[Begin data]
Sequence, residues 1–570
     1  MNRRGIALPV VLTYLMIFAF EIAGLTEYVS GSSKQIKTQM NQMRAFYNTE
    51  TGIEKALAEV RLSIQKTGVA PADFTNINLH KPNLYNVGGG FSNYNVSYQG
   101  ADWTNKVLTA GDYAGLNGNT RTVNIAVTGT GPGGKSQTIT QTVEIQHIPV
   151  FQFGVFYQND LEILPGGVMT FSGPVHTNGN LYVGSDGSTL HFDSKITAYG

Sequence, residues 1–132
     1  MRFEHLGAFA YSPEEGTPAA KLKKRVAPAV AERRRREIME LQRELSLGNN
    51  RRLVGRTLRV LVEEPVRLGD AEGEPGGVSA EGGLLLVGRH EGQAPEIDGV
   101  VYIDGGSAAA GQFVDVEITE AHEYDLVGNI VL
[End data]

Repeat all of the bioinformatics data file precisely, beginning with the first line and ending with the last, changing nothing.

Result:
Sequence, residues 1–570
     1  MNRRGIALPV VLTYLMIFAF EIAGLTEYVS GSSKQIKTQM NQMRAFYNTE
    51  TGIEKALAEV RLSIQKTGVA PADFTNINLH KPNLYNVGGG FSNYNVSYQG
   101  ADWTNKVLTA GDYAGLNGNT RTVNIAVTGT GPGGKSQTIT QTVEIQHIPV
   151  FQFGVFYQND LEILPGGVMT FSGPVHTNGN LYVGSDGSTL HFDSKITAYG

Sequence, residues 1–132
     1  MRFEHLGAFA YSPEEGTPAA KLKKRVAPAV AERRRREIME LQRELSLGNN
    51  RRLVGRTLRV LVEEPVRLGD AEGEPGGVSA EGGLLLVGRH EGQAPEIDGV
   101  VYIDGGSAAA GQFVDVEITE AHEYDLVGNI VL